Talking about health and nutrition is almost like talking politics and religion– everyone has their own deep- seated beliefs on what’s best, what’s right, what’s wrong. Maybe you’ve experienced it, too, that overbearing, but well-meaning friend who bombards you with unsolicited nutritional advice.
Because every college requires a certain number of health credits, and I have never particularly enjoyed athletics, I was content to take a nutrition class to satisfy my requirements. The class was fascinating – I learned about the difference in calories between fat and proteins, between good fats and bad fats, and between natural and supplemental nutrients.
This was all before the hyper-nutritional awareness of the modern era. You know– back before Pinterest, Instagram, and blogging. We didn’t learn about the benefits of a gluten-free diet, or the importance of eating
organic, or even the dangers of food dyes. Part of that is because our opinions and perspectives on food change so much over time. Whenever I hear a study about how this or that food or additive is good for you, I think back to a potato chip tin I once found in an antique shop in Leavenworth, Kansas. To this day I kick myself for not buying it. “The Latest Health Food” the can advertised. Remember, these were potato chips. “Scientifically enhanced Trans Fats for better energy!” it claimed. WHAT??
Back then, it was the new hip-n-happenin’ thing. Early tests showed that it had good traits. It was only over time that we have learned that Trans fats are anything but good for our bodies. Still, I loved that visual reminder that today’s must-eat health food could end up being tomorrow’s dietary reject.
|Great-Great Grandpa Bowers standing among
his tomatoes in Cooleemee, NC in the 1950s.
As a society, we’ve learned a lot about the food we eat. We’ve gone from a culture of producers, backyard farmers, growing most of what we eat or trading it for money or other goods, to becoming a society of consumers, loading up on pre-made, fully processed, packaged foods.
And then we got burned by claims like those on that tin can. We made food choices based on what science assured us was going to help us live the longest, healthiest life possible. Those ever-changing assurances threw us into the arms of doctors and dietitians who were happy to help us sort through it all– just buy their new book and you’ll learn everything you need to know.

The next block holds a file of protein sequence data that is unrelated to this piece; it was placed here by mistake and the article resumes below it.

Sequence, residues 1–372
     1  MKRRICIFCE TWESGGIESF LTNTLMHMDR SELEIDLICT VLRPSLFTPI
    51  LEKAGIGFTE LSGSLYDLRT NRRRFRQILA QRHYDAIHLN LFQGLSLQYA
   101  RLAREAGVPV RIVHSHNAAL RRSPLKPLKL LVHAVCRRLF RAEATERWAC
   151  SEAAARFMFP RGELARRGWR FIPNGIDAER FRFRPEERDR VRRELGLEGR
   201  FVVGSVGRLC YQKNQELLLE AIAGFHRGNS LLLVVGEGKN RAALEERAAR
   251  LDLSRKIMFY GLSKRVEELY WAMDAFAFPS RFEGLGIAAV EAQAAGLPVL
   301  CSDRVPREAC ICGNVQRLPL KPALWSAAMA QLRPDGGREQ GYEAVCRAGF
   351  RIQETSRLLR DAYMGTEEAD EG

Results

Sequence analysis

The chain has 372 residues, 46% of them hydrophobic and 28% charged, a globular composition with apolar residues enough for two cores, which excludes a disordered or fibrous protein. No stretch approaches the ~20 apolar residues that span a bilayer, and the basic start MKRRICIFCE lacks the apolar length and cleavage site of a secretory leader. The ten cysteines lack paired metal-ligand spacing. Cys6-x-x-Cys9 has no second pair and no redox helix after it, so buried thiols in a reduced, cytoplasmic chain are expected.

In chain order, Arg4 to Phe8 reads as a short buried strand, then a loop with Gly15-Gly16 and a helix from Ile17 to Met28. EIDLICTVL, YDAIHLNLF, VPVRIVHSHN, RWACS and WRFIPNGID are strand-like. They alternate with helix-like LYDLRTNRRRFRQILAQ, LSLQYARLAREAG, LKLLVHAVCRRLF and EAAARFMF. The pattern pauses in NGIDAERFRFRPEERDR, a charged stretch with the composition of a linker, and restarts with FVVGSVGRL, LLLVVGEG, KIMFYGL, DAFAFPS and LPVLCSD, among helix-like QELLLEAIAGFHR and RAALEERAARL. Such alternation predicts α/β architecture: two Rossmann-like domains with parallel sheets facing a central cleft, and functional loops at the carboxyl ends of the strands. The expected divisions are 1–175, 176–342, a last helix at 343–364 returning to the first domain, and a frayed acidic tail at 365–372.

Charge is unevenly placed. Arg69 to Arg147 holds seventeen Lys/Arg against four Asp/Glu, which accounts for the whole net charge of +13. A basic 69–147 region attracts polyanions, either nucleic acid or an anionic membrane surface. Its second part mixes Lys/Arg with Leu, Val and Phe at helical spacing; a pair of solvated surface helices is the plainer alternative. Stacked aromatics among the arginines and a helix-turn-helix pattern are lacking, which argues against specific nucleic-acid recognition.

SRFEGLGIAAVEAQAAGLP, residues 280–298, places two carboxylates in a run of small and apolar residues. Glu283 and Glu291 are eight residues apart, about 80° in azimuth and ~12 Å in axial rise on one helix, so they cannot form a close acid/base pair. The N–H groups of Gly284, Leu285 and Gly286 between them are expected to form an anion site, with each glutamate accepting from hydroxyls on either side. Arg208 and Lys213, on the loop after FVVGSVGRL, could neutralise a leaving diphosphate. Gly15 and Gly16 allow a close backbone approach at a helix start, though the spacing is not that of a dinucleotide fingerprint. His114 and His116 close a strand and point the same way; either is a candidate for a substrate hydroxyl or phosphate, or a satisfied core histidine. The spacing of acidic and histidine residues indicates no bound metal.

Suddenly we had to select a food philosophy. There are the all carbs diets, the no carbs diets, the vegetarian, raw, only-smoothies, gluten-free, and back-to-the-Bible diets. And everything has to be organic. Every eating regime has its claims of being the only perfect, right, and healthy means of losing weight and improving your health. And this is where the trouble starts.
Any time I mention a health issue– a hangnail, for instance– I get e-mails and messages from people assuring me that if I would just take baked potatoes out of my diet, I will never get a hang-nail again, along with a lengthy explanation of how baked potatoes cause hangnails and why I should never so much as LOOK at a baked potato again ever in my life. My kid’s behavior issues? Well, if I would just stop letting him eat such-and-such, the problem would be cured. Tired? Stop eating that. Coughing? Stop eating this.
The reality is that our bodies NEED food. God created these bodies, and He created foods for us. In a perfect world, we could all eat whatever we wanted and not get fat, not develop cancer or diabetes. But our bodies weren’t designed to deal with all the artificial preservatives, colors, and other additives. I truly believe that eating foods the way God created them is our best bet at a healthy diet.
However, I’m also a single, working mom of three boys. There are days where a trip through the drive-thru is the best I can do. I would love to have the time to bake all natural, home-made graham crackers and dehydrate fruit I picked myself and maintain an herb garden. But it’s just not where I am in life. I’m grateful for the drive-thru, such that it is. But I could do without the judgement. Maybe you could, too.